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Marine Institute CEO Warns of Microbeads Entering Food-Chain

12th January 2018
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Small but harmful: Microbeads are tiny plastic balls, found in soaps, shower gels and facial scrubs. The Marine Institute CEO said 8 million tonnes of plastic is annually dumped into the oceans and warned if the trend continues, by 2050 it is estimated there will be more weight of plastic population in the ocean, than the entire population of fish. Small but harmful: Microbeads are tiny plastic balls, found in soaps, shower gels and facial scrubs. The Marine Institute CEO said 8 million tonnes of plastic is annually dumped into the oceans and warned if the trend continues, by 2050 it is estimated there will be more weight of plastic population in the ocean, than the entire population of fish.

#MarineScience- The Marine Institute's CEO says the key risk with microbeads is the potential to get into the food chain, eventually getting into products eaten by humans.

According to RTÉ where Dr Peter Heffernan was speaking on 'Morning Ireland', the CEO said legislation banning the use and manufacture of microbeads is expected to be passed in the Dáil by the end of the year.

Microbeads are tiny plastic balls, found in soaps, shower gels and facial scrubs.

The move to ban microbeads is aimed at protecting the marine environment from one source of plastic pollution, as microbeads are washed down the drain and can enter the seas and be swallowed by fish and crustaceans with potentially harmful effects.

Remnants of microbeads can also be found in plastic container waste that can also end up in the sea.

Dr Heffernan said: "The key risk with microbeads is the potential to get into the food chain, something that small can be eaten by a small micro organism at the base of the food chain in the ocean and eventually end up in products that humans can eat, the fish that we love.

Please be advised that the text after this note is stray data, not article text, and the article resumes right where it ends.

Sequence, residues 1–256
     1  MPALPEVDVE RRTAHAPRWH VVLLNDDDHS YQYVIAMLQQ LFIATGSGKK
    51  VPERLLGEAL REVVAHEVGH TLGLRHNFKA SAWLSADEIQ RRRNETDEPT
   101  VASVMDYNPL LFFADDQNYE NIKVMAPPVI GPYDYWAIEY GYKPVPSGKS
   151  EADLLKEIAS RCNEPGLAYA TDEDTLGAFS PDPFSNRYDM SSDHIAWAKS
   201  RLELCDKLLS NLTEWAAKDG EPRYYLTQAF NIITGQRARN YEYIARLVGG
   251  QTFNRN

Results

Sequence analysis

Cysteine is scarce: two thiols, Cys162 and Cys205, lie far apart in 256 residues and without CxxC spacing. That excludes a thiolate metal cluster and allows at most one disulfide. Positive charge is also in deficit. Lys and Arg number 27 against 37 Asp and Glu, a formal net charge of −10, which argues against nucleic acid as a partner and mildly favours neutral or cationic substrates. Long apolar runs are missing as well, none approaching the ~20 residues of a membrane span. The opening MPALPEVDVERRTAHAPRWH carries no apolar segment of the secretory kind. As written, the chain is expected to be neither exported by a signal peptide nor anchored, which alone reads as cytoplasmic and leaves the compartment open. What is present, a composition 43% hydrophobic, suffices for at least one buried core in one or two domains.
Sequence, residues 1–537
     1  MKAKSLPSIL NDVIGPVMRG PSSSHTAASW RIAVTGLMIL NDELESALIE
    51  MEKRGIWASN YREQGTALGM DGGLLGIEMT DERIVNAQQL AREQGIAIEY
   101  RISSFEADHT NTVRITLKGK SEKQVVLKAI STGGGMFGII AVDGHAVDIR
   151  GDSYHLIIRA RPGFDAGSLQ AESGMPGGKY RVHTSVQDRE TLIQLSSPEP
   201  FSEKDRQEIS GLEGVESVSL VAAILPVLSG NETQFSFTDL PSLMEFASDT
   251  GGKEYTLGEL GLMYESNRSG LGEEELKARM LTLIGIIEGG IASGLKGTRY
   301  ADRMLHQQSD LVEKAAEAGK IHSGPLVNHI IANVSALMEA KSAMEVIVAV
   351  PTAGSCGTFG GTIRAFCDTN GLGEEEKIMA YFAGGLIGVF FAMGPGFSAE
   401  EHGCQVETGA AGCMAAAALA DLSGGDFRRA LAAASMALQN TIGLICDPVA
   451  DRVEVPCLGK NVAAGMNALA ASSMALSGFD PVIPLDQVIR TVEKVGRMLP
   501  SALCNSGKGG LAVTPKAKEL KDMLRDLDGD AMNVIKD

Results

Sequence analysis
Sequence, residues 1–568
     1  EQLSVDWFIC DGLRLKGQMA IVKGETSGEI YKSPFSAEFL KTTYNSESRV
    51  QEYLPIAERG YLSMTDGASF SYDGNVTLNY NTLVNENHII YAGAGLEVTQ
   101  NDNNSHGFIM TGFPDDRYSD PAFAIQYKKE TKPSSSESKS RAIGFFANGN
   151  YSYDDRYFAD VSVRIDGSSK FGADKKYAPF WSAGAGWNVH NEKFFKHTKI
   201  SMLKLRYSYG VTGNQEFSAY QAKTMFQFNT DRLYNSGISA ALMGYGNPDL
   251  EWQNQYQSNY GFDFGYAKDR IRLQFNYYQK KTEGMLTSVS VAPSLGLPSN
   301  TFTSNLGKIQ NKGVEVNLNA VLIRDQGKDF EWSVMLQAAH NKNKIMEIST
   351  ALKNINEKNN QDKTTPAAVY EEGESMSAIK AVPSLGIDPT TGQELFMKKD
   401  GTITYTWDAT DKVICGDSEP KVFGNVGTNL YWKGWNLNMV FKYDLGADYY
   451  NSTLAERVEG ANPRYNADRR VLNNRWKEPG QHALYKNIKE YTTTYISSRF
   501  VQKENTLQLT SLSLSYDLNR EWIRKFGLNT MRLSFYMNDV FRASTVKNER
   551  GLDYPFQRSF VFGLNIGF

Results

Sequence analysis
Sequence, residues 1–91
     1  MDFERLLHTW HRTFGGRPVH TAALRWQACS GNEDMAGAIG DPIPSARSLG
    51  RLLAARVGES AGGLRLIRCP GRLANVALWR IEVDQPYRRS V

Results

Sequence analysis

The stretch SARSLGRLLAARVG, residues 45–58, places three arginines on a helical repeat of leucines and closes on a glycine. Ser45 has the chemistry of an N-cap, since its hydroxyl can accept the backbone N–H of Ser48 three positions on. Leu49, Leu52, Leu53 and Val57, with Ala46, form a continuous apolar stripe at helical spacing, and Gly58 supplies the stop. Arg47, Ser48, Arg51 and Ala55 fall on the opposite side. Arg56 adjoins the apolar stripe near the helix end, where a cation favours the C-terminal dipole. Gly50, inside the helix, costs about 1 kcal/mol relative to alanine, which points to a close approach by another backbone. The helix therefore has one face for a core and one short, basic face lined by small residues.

"Ireland, before the end of 2018, will introduce a ban, both on the manufacture and the sale, of any products containing microbeads."

Yesterday, a UK-wide ban on the manufacture of cosmetics and care products containing "microbeads" came into force.

To read further click the RTE report here.

Jehan Ashmore

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Jehan Ashmore

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Jehan Ashmore is a marine correspondent, researcher and photographer, specialising in Irish ports, shipping and the ferry sector serving the UK and directly to mainland Europe. Jehan also occasionally writes a column, 'Maritime' Dalkey for the (Dalkey Community Council Newsletter) in addition to contributing to UK marine periodicals. 

Marine Science Perhaps it is the work of the Irish research vessel RV Celtic Explorer out in the Atlantic Ocean that best highlights the essential nature of marine research, development and sustainable management, through which Ireland is developing a strong and well-deserved reputation as an emerging centre of excellence. From Wavebob Ocean energy technology to aquaculture to weather buoys and oil exploration these pages document the work of Irish marine science and how Irish scientists have secured prominent roles in many European and international marine science bodies.

 

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